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Following Jesus to Victory–It’s Not What You Think (Feb. 19, 2017)

19 Feb

Matt. 5:38-48

“You have heard that it was said, “An eye for an eye and a tooth for a tooth.’ 39 But I say to you, Do not resist an evildoer. But if anyone strikes you on the right cheek, turn the other also; 40 and if anyone wants to sue you and take your coat, give your cloak as well; 41 and if anyone forces you to go one mile, go also the second mile. 42 Give to everyone who begs from you, and do not refuse anyone who wants to borrow from you. 43 “You have heard that it was said, “You shall love your neighbor and hate your enemy.’ 44 But I say to you, Love your enemies and pray for those who persecute you, 45 so that you may be children of your Father in heaven; for he makes his sun rise on the evil and on the good, and sends rain on the righteous and on the unrighteous. 46 For if you love those who love you, what reward do you have? Do not even the tax collectors do the same? 47 And if you greet only your brothers and sisters, what more are you doing than others? Do not even the Gentiles do the same? 48 Be perfect, therefore, as your heavenly Father is perfect.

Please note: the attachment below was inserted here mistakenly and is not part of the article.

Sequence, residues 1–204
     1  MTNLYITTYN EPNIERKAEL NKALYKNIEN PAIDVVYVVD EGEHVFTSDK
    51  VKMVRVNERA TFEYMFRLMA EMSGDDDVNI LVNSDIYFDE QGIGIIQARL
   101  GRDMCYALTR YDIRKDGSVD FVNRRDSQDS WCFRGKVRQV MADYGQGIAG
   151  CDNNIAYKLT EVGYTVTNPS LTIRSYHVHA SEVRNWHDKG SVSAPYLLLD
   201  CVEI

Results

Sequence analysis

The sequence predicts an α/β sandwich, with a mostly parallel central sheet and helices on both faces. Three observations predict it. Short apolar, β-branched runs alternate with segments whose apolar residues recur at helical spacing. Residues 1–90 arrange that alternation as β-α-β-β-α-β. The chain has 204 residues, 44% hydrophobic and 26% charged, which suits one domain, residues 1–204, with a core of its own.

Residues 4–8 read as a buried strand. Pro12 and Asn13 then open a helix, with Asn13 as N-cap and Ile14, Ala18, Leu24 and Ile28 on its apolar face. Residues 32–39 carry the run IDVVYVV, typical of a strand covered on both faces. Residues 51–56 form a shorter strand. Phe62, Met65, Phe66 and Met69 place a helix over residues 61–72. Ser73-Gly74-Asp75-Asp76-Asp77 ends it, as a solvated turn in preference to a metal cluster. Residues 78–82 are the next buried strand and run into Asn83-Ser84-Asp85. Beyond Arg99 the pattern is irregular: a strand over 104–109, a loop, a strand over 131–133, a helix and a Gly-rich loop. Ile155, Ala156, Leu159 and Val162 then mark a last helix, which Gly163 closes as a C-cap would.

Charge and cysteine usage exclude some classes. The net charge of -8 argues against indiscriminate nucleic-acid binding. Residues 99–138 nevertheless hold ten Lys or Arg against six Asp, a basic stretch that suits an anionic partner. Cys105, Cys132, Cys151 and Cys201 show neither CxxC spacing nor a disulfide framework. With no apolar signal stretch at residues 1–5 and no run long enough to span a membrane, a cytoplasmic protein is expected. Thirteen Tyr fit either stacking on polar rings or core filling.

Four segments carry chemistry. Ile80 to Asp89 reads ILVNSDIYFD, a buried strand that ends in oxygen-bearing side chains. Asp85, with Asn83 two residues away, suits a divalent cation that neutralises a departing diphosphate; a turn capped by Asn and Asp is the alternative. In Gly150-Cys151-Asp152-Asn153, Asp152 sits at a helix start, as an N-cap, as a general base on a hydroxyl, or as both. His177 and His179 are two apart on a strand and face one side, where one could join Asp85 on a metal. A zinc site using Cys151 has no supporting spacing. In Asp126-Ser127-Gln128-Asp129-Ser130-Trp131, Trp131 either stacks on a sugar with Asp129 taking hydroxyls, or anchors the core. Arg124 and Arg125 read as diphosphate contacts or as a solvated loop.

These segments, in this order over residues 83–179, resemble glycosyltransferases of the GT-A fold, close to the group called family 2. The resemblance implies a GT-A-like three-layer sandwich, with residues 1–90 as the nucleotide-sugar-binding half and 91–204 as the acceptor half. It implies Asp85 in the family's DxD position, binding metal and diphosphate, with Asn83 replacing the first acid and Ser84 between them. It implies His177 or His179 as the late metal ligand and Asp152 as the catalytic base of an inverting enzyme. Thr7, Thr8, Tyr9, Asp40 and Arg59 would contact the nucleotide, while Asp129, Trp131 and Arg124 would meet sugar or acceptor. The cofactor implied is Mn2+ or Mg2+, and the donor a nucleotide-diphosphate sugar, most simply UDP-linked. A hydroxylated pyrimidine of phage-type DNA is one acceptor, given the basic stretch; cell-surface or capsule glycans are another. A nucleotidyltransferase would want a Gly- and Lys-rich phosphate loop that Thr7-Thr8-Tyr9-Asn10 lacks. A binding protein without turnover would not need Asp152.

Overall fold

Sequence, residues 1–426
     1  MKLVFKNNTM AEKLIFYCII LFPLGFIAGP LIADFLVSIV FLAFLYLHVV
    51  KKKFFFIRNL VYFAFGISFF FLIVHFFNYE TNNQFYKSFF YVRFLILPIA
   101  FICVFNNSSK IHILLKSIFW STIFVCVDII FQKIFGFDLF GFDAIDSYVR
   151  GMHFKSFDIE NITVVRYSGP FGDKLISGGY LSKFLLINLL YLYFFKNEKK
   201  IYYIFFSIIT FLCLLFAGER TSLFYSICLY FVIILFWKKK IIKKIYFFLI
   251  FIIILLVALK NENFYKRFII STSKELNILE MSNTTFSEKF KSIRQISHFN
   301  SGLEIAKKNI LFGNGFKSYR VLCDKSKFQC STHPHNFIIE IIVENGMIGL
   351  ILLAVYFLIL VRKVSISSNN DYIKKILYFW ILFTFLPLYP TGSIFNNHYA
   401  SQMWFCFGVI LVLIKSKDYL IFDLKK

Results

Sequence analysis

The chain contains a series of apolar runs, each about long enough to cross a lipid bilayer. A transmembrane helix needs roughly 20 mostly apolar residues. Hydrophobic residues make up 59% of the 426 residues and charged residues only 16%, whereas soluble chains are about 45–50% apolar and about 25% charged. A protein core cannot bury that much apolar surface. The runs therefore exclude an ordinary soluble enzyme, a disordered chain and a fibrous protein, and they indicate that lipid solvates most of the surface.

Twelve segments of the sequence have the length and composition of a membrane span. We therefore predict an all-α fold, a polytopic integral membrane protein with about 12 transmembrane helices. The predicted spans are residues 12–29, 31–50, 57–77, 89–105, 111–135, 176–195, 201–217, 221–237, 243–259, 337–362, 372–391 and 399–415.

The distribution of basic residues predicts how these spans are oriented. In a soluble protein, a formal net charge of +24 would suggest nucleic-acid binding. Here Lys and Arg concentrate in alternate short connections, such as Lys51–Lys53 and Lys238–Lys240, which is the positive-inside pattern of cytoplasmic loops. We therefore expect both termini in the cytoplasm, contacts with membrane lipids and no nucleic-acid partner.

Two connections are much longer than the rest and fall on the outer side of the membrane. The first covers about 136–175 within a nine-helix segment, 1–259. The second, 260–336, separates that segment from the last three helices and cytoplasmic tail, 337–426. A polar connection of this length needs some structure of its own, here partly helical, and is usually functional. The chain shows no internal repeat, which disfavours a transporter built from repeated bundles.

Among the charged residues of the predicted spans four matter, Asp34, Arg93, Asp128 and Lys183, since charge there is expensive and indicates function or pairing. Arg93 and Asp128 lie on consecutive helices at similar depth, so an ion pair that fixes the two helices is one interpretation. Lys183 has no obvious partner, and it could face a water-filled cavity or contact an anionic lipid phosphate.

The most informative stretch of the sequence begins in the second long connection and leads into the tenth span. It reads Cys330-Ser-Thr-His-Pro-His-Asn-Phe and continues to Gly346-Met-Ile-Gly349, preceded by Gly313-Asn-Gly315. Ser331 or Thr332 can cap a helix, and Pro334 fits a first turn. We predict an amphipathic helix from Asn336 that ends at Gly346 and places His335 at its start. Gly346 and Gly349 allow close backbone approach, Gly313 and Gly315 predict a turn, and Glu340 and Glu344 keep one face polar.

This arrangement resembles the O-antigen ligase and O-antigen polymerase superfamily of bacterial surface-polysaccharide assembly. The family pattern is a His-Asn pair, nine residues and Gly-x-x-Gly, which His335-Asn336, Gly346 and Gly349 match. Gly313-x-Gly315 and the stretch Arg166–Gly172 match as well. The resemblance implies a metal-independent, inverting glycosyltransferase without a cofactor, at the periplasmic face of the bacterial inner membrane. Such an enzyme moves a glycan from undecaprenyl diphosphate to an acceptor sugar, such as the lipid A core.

Vince Lombardi, coach of the Green Bay Packers back 50 years ago,  is known to have said, “Winning isn’t everything; it’s the only thing.” He’s kind of right. We orient everything toward winning. You feel better about yourself when you find something you can win at. So we strive to find areas where we can be the biggest, the fastest, the brightest, the best. Whether it’s getting an Olympic medal or being picked first at recess for kickball; whether it’s having a perfect 4.0 or just getting a better grade than an older sibling who took the same class; we all want to find some area where we can win, have the advantage, gain some power.

Because winning lifts you up above the losers. It gives you an advantage. It gives you power. There’s nothing so debilitating as losing. It’s a helpless, powerless feeling. So we struggle to find areas in which we can win and have power.